Westinghouse J34 Turbojet Aero Engine


Photo Courtesy of Ken Jackson

Photo Courtesy of Ken Jackson

Axial-flow turbojet aero engine

The Westinghouse J34 is a simple, robust engine that traces its history to the very beginning of jet engine development in the United States.  In late 1941 the US Navy asked Westinghouse Electric Corporation to commence designing a jet engine for future navy fighters.  At this time, the only jet engine in the United States was the first Whittle engine with a centrifugal compressor.   Right from the start, they settled on an axial flow design rather than that adopted by Whittle in his engines.  This was a more advanced technology as it required more precise manufacturing and high temperature metals.  Germany had also settled on an axial design for its engines however the lack of materials resulted in poor reliability (about 10 hrs running time) compared with the then British engines (about 300 hours).

In an axial flow jet engine the turbine blades progressively compress the air through multiple fan stages (11 Stages in the J34) and with each stage the fan blades get progressively smaller, more numerous and change pitch to efficiently compress the air before it enters the combustion chamber at the rear of the engine.Westinghouse J34 cutaway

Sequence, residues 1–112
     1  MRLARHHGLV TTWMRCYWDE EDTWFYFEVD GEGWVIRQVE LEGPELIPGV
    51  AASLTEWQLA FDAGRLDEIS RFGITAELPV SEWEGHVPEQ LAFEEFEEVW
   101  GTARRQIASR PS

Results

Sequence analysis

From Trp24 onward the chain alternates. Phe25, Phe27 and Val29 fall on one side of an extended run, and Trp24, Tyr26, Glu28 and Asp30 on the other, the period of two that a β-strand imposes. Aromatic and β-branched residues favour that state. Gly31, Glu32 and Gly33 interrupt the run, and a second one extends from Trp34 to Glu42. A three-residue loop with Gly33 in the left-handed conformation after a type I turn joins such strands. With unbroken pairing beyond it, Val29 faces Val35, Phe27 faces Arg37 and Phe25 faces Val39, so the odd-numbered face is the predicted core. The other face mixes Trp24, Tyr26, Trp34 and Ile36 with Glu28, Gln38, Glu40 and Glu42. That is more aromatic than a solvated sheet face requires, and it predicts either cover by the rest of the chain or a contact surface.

The first engine Westinghouse built was designated the J30 and first ran in March 1943 and flew under a Corsair fighter in January 1944.  At the time of its first run, it was only the second axial flow engine to successfully run outside Germany, quite a feat.  It was however only the first design and in fact available British engines with a centrifugal compressor were more efficient.  Interestingly, the J30 ran on the then common aviation gasoline.

Whilst there was a J32 engine, the next major type was the J34, basically a scaled up J30 with more compression stages.  It had a higher compression ratio and was more efficient, however still only comparable to British engines.  The J34 first ran in 1947 and was used to power several early jet fighters.

Despite its simplicity and reliability, it was realised in 1955 that the J34 had reached the end of its usefulness and it was decided to cease production.  As sometimes happens, events overtook this and the engine was a perfect match to boost the performance of the P2V Neptune patrol aircraft.   Lockheed proposed an elegantly simple solution, simply bolting on a single J34 jet outboard of each of the Neptune’s Curtis Wright R3350 piston engines for use during takeoff or high speed dash.  The US Navy had to rethink its termination of J34 contracts and accordingly the US Navy issued new production contracts and Westinghouse restarted production, with the engine using aviation gasoline as fuel this time, instead of the normal JP-4.

Famously, Ken Warby set a World Water Speed record of 511 km/h (317mph) in a hydroplane boat Spirit of Australia powered by a single J34 built up from 3 surplus RAAF engines.

Links

https://en.wikipedia.org/wiki/Westinghouse_J30
https://en.wikipedia.org/wiki/Westinghouse_J34

http://www.bluebird-electric.net/ken_warby.htm

 

 

History of HARS Engine

Our J34-WE-34 came off a RAAF Neptune.

Technical Specifications

Engine Type: 11-stage axial flow turbojet, 3,000-4,100 lb thrust (up to 4,900 with afterburner)

Manufactured: First flew in January 1947

Usage: Fitted to many aircraft types, including:

  • F2H Banshee
  • F3D Skyknight
  • P-2 Neptune